When you have a tightly written pitch that outlines the specifics of your film or treatment, it's then time to practice pitching it off page. Know the logline cold. It's short, and holds the most impact. It's what sets their view on the project, and the words you've carefully crafted but be told exactly as is. But for the synopsis you're going to have to train your thought process to follow the story beats, but not verbatim. You don't want to memorize five or ten pages of text, so what you're going to do is give an abbreviated walk-through of the story. Some of the specific wording or turn of a phrase you'll remember, while most others you won't. Take a drive, go for a bike ride, a run, a swim, or anything that allows you some focused solitude. When your mind is finally comfortable hopping through the obstacle course of your story, then do without the distraction of activity. Stand up, and give the pitch. Pitch your dog, pitch your kids, pitch your spouse. Let them interrupt you, and keep your momentum. You need to build a flexible muscle so you're not walking into the room with a perfectly rehearsed robo-pitch that will be DOA. When your story is a part of you, then you can easily pitch it with the flexibility needed. You'll be comfortable.
Hopefully you're pitching a project that will fill a void. Something we haven't seen before. A subject they haven't thought of before. But with an approach that gives it a highly unique perspective...your angle in. Know in your heart what makes the project special. Getting past the pleasantries, start your pitch with a cause. Right from the start hit them with a core question that will be the flashpoint for the pitch. Then you're ready to share the logline with them. If you have the right project, they'll want it to work. Their mind is then open to absorbing much of the details you'll follow with as you walk them through the arc of the story, or the structure and content of the concept. Be prepared to be interrupted, and take it as your opportunity to engage with them. If it's the right question, you'll then become conspirators in figuring out how the story best works. Do not let the momentum die. Keep moving forward in the pitch. Also keep in mind, you'll be on edge, excited, nervous to a certain degree...it's common to race over details. This is often a great way to cut the fat out of the narrative and deliver just the essential facets of the story or concept. While nerves can sharpen your energy, they can also cloud your ability to "hear" what the executive may be saying (or not saying) to you during and after the pitch. You must listen. You're not there to sell them. You're there to serve them. If you listen and hear what they communicate, it may tell you more about what they want, rather than you only hearing that they don't want yours. It's a process. You're building a collaborative relationship.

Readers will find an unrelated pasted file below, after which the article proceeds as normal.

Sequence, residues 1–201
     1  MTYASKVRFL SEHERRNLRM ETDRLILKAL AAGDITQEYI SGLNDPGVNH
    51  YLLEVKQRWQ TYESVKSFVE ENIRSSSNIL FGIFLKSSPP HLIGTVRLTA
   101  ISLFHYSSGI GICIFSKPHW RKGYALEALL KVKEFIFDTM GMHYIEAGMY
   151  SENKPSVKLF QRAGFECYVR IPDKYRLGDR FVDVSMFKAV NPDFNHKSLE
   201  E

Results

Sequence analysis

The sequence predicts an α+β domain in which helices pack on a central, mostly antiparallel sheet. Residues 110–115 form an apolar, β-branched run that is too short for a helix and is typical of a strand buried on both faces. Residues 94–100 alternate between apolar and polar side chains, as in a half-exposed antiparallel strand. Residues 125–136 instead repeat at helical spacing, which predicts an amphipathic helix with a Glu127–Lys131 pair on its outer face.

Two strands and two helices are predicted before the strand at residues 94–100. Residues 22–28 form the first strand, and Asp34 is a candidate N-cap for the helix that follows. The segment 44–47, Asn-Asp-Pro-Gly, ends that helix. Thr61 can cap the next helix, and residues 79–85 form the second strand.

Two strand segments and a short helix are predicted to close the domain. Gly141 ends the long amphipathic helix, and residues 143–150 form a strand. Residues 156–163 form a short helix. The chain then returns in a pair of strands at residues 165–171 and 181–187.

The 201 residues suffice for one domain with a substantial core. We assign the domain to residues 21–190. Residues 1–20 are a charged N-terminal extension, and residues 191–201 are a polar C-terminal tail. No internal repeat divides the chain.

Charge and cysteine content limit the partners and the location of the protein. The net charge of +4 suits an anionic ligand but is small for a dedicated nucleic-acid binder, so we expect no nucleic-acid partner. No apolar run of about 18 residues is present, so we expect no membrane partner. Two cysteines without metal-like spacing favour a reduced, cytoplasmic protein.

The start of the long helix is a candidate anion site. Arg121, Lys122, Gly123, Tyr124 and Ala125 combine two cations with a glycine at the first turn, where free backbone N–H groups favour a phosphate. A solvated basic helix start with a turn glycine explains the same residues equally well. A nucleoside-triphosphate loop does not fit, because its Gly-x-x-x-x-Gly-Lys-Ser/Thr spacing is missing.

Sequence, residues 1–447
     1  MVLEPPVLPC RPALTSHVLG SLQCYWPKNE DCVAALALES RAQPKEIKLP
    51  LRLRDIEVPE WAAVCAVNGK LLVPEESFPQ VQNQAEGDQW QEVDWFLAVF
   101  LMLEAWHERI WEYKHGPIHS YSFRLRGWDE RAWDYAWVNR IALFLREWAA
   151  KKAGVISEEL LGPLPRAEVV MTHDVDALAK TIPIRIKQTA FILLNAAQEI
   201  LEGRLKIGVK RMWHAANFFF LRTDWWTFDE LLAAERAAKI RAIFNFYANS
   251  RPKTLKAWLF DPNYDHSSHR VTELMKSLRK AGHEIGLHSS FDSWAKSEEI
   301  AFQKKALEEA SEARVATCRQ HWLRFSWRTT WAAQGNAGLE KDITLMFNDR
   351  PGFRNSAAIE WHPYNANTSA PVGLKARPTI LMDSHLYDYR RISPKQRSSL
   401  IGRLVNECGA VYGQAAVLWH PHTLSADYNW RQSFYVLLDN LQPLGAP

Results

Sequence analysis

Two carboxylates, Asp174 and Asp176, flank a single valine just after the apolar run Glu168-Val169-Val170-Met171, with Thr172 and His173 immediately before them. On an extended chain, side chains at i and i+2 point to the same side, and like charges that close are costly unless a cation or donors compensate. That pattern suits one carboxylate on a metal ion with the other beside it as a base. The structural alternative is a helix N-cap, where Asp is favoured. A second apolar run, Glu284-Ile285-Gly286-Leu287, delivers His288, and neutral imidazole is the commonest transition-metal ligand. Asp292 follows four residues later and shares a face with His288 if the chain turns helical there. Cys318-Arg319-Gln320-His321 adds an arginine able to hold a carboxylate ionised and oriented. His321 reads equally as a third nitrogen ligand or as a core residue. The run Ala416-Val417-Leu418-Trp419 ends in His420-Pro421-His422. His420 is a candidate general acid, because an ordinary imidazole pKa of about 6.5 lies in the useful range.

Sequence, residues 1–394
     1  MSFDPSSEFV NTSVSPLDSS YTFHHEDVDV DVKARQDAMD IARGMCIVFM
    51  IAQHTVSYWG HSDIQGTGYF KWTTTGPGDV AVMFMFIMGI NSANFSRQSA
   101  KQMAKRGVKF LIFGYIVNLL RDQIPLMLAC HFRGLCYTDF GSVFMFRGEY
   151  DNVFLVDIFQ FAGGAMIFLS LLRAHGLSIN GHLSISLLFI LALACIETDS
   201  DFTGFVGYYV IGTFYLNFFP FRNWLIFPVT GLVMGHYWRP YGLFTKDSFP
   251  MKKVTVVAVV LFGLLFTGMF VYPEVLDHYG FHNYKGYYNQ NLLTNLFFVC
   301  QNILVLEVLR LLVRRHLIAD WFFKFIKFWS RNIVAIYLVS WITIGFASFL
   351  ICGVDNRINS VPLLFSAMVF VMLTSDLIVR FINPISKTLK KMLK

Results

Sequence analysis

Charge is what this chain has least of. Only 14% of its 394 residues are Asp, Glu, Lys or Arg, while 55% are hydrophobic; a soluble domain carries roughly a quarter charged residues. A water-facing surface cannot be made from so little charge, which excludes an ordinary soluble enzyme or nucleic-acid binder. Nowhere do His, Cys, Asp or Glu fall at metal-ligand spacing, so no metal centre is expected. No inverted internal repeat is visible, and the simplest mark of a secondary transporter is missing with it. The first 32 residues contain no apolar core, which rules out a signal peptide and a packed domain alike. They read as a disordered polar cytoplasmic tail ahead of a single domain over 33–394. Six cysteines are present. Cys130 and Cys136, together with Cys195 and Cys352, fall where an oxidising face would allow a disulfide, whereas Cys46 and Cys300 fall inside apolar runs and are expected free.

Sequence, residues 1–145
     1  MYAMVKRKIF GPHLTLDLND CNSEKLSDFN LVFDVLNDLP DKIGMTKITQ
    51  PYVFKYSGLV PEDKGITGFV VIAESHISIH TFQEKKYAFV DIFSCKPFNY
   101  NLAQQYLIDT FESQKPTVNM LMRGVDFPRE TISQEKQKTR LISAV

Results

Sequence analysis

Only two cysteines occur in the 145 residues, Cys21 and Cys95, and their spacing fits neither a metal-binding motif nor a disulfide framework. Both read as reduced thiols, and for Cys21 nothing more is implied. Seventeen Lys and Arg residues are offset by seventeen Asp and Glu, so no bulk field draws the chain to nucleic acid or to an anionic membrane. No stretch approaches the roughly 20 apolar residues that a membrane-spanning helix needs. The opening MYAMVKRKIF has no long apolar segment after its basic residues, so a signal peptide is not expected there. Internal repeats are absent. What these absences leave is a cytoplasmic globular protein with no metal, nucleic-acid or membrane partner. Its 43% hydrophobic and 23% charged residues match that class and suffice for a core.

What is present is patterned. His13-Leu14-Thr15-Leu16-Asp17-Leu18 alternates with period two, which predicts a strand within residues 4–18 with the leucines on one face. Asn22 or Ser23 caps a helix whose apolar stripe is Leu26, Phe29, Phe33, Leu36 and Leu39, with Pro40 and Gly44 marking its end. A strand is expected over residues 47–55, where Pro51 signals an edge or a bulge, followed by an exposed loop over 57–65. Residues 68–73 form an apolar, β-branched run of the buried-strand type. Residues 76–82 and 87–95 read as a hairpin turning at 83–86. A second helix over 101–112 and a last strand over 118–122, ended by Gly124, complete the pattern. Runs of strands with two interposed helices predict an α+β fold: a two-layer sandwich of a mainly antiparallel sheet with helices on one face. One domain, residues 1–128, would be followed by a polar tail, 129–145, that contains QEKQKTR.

As the pitch wraps up and they've shared their view, always have one or two other projects in your hip pocket just to mention to them. They'll tell you on the spot "sure, what are they", or "follow up with that one". It's a way to keep the tone positive and moving forward.
Only follow up when they specifically expressed an interest in the project. If they weren't sure, or only spoke of issues, you'll only be bugging them about a project they're not interested in.
Another way to follow up isn't to follow up asking if they want to engage on the project, but to follow up with a new project. It gives them the opportunity to address or share any determination of your original pitch, while no whipping a dead horse. At the very least their mind will open up to see if your new pitch is more viable.